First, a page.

The Warby Parker site has a sense of humor and a lightheartedness that make it a thoroughly enjoyable read. (Monocles: yes! Bagpipes: no!) The Culture page explains the origins of the company name and gives capsule bios of the founders, restricted to information that is directly related to the founding of Warby Parker... except maybe for the inclusion of each one’s favorite karaoke and happy place, which keeps the whimsical feel going. All in all, the Warby Parker site is a great example of our Commandment 3 of About Us pages: “Reveal thy personality.”

Accessibility: B
The Locations page shows retail stores in the United States, which can be narrowed to a list for each city (with street address and map), and then a page for each store (with hours), and a 360-degree view of the store’s interior. However, the company leadership  seems to be unreachable. Aside from contact information for brick-and-mortar stores, there’s only a Help link that gives email, phone, and LiveChat options, without mentioning any specific people.

Warby Parker’s site reminds us that even a mundane object like eyewear can be presented in a quirky, engaging, yet principled manner. Stick to the subject, but let your personality and your passion shine through. And remember that you don’t have to be old to have a stellar business history.

Does your Web site’s “About Us” section accurately convey your organization’s history and capabilities? Every two weeks we evaluate one example, grading it in three areas that are key to potential customers: Personality (Who are you?), Products/Services (What can you do for us?), and Accessibility (How can we reach you?). To talk about your About Us page, contact us!
Today’s example was chosen at random; has no ties to this company.

Monday, September 29, 2014

Archiving secrets revealed

Good glimpse of what an archivist does in this New York Times article, which profiles Mary Hedge in her daily work at New York's Metropolitan Transit Authority and as she prepares for an exhibit that will celebrate the 50th anniversary of the Verrazano-Narrows Bridge. The exhibit opens on October 30 at the New York Transit Museum in downtown Brooklyn. The 1920s newspaper (image at right, courtesy MTA Bridges & Tunnels Special Archive) was an imaginary depiction that came true when the V-N opened in 1964.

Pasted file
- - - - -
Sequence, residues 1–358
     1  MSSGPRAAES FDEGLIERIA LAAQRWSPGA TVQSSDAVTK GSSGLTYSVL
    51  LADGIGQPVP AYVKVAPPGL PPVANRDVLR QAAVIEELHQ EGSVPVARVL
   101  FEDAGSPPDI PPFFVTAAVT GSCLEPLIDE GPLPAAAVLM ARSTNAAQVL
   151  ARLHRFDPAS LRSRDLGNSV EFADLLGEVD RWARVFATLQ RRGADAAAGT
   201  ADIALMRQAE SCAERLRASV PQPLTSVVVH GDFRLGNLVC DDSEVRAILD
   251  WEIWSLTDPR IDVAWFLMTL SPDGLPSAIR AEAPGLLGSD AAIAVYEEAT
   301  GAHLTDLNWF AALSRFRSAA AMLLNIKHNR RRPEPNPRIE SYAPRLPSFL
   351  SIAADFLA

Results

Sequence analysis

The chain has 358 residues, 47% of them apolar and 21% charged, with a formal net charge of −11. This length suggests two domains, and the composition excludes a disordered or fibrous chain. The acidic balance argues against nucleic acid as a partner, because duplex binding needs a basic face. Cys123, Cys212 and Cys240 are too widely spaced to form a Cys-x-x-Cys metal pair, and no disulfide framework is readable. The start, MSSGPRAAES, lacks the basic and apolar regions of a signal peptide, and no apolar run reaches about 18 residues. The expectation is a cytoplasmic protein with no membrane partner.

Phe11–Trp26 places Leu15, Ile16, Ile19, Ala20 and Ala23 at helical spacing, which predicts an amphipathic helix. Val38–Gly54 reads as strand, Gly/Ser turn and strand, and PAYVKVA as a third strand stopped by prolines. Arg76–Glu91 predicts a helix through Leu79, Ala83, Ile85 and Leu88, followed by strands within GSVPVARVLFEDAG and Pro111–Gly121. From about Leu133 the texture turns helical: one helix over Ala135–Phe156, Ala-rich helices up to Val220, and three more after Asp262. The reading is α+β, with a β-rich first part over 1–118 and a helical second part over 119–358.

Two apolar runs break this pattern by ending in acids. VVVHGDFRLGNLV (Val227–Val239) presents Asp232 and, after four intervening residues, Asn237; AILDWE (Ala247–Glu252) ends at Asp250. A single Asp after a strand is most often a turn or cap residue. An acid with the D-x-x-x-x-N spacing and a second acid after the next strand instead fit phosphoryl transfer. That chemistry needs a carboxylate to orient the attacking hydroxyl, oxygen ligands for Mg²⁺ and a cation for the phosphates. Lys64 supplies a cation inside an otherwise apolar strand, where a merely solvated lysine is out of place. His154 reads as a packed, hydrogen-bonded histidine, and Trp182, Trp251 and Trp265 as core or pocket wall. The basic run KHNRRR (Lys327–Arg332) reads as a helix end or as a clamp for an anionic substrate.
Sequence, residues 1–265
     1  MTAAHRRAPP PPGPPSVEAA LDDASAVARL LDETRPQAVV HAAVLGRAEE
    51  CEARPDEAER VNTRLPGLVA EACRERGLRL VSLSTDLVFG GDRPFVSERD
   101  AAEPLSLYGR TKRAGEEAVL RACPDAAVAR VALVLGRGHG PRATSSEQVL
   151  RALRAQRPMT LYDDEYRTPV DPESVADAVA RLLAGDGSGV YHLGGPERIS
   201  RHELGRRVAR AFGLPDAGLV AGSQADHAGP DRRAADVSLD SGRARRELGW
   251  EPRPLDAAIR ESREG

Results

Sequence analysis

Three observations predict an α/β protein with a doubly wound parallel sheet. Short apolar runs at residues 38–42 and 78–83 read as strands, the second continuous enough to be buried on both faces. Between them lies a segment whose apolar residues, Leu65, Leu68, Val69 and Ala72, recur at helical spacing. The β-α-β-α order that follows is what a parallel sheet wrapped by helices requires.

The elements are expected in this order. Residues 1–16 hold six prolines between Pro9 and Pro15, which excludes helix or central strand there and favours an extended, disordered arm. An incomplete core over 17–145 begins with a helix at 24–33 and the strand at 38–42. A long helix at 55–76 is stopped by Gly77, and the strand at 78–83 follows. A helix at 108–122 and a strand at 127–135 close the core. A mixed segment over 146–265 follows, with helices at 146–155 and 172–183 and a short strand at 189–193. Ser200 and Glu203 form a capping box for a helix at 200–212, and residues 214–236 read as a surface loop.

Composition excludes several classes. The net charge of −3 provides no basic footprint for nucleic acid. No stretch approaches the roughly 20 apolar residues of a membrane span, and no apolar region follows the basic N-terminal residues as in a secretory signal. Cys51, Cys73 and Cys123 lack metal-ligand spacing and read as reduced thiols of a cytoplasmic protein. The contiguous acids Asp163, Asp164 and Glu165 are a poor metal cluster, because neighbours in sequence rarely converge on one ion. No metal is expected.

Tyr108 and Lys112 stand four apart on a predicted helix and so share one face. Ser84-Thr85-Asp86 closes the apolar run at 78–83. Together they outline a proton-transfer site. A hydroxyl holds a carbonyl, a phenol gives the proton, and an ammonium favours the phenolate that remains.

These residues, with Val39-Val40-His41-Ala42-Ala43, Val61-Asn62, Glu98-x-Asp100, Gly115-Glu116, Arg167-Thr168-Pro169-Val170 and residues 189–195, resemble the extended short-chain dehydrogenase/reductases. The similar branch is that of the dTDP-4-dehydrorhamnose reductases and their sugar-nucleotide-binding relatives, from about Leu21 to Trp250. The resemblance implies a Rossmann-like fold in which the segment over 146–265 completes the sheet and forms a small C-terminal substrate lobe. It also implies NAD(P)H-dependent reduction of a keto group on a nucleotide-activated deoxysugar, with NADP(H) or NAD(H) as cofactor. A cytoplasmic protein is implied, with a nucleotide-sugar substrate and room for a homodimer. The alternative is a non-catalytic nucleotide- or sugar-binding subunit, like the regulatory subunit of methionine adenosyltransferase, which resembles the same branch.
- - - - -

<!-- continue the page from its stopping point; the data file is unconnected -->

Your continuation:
My favorite part of the piece: The archivist "records oral histories when longtime transit executives approach the end of their service. She interviewed the officers who were on duty in the Brooklyn-Battery Tunnel on Sept. 11, 2001, as people fled Manhattan following the terrorist attack, and after Hurricane Sandy she recorded the stories of staff members who were involved in dealing with the storm and cleanup. 'Retirements and disasters,' she said." recently helped recruit an archivist for one of our current clients. She and an assistant did a tremendous amount of work in a single week, bringing box-level order to almost 40 years worth of paper. This material will support other projects in the client's history plan. The client was thrilled and is considering bringing the team back to archive its digital items. It was a good reminder that companies can keep archives under their own roof (no need to pay monthly fees to a warehouse) -- and that even a small investment in archiving pays ongoing dividends. 

Monday, September 22, 2014

Stryker Corporation: “About Us” Evaluation by Corporate

In 1941 Dr. Homer Stryker, an orthopedist in Kalamazoo, Michigan, was dissatisfied with medical products that didn’t meet his patients’ needs. So he established a company to manufacture items to his own specifications. He invented the Turning Frame (for repositioning patients who needed to remain immobile), the Cast Cutter, and the Walking Heel. His company became Stryker Corporation in 1964 and went public in 1979. Today Stryker is one of the world’s top medical technology firms, producing implants used in joint replacement, surgical equipment, emergency medical equipment, neurosurgical devices, and more.  Still based in Kalamazoo, Stryker is a Fortune 500 company with 22,000 employees and annual sales of $8.7 billion. The main About Us page is here.